Plans to provide more public transportation in Stokes County are gaining steam with a newly formed committee working to get a circular loop operating in King within the next six months.
“On June 6 we will be going to the King City Council to present an initial presentation of what we are talking about for public transportation as it relates to King,” said YVEDDI Public Transportation Director Jeff Cockerham. “We need to start with King because it will be the highest population area.”
Cockerham said YVEDDIE would operate the route, providing vehicles and staff, but noted that local governing boards, if they helped provide matching funds, would be able to approve routes before before the new transportation system started operating.
A preliminary proposed circular route for King would run from the Mountain View Plaza shopping center on Hwy. 66 to the Stokes Family YMCA, along Moore Road to Jefferson Church Road, past the shopping district near U.S. 52, up Ingram Dr. to the King Outreach Ministries, then through town to the King Public Library, King Senior Center and Recreation Acres, then downtown and up Main Street to return to the Mountain View Plaza.
“This is just a tentative plan,” said Cockerham. “It would about $50,000 a year to operate and would have to be funded through a 50-50 split between a DOT grant and local matched funds.”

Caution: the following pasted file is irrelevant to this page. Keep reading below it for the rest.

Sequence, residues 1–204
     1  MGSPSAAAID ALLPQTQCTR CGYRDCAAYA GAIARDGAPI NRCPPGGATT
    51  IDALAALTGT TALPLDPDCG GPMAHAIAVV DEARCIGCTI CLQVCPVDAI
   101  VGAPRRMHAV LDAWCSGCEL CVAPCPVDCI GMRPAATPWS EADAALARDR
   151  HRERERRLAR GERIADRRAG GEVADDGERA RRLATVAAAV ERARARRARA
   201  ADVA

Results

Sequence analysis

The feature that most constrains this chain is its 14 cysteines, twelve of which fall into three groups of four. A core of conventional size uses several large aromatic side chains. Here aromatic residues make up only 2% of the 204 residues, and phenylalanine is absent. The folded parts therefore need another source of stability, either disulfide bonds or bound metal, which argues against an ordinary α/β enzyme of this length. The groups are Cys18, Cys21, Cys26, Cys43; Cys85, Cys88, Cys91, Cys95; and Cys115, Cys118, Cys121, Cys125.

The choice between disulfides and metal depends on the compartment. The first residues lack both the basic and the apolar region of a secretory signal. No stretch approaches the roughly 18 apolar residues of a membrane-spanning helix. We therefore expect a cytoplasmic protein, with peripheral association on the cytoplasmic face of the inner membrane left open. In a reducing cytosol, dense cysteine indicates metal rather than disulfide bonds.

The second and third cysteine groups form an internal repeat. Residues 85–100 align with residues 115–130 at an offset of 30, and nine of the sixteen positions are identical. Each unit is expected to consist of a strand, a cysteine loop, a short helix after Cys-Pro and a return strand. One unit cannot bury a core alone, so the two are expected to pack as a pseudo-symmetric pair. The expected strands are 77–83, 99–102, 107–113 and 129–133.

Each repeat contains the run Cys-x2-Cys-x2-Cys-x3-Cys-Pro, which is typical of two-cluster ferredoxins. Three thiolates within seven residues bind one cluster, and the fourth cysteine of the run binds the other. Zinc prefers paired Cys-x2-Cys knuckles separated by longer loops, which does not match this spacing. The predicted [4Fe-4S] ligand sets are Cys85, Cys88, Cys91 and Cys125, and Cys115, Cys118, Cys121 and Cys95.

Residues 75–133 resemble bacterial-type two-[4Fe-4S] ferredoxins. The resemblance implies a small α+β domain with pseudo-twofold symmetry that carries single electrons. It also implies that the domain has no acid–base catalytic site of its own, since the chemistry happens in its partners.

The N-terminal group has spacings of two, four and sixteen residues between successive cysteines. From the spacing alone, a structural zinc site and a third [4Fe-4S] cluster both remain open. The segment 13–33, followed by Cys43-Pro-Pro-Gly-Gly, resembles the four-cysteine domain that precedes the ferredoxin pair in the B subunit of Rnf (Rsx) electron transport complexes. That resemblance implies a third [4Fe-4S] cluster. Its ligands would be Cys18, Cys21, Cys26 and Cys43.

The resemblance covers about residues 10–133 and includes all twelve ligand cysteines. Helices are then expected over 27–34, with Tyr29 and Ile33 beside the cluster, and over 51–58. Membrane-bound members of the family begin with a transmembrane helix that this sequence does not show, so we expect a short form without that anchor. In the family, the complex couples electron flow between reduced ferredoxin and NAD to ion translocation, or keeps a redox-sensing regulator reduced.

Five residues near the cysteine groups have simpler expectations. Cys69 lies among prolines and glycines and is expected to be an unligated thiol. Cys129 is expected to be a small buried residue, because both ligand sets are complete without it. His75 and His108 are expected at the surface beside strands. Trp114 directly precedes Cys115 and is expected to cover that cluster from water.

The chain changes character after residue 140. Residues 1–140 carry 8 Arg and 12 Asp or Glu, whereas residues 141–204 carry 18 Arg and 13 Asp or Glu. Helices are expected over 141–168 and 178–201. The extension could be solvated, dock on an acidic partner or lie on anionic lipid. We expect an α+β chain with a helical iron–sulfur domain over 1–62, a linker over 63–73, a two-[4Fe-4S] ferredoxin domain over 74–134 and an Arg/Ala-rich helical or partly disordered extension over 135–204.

Cockerham said the initial plan would have a bus run the route 10 times per day on weekdays. He said the service would likely run from 7 a.m. until 5 p.m. and riders would be charged $1.
“We have also talked about planning a connector route next year which would connect Danbury, King and Walnut Cove,” said Cockerham. “With that you are looking at about $72,000 a year to run the route, so the local match would have to be about $32,000. If we could get those first two routes self-sufficient, then maybe we could expand further into the county.”
Commissioner Jimmy Walker said he liked the plan and noted that he was sure there would be at least two votes on the board in favor of it. He noted that if the routes could be established it could reduce the amount the county pays for single-trip transportation assistance.
Cockerham said grant funding for the project would be applied for in November, but noted that YVEDDI currently has enough funding to start the service as soon as July if local matching funds could be obtained.
“We don’t care where the money comes from, as long as the money is there to fund it,” he said, adding that they would likely hold a public hearing on the proposed route before starting the service.
King City Manager Homer Dearmin said he was unsure how the city council would react to the proposal.
If the project obtains funding, it would be managed by YVEDDI, but efforts to get it started are being spearheaded by a local committee chaired by County Health Director Scott Lenhart. He said the project would be modeled on a similar system in Rockingham County which has proven to be successful.
Nicholas Elmes may be reached at 336-591-8191 or on Twitter @NicholasElmes.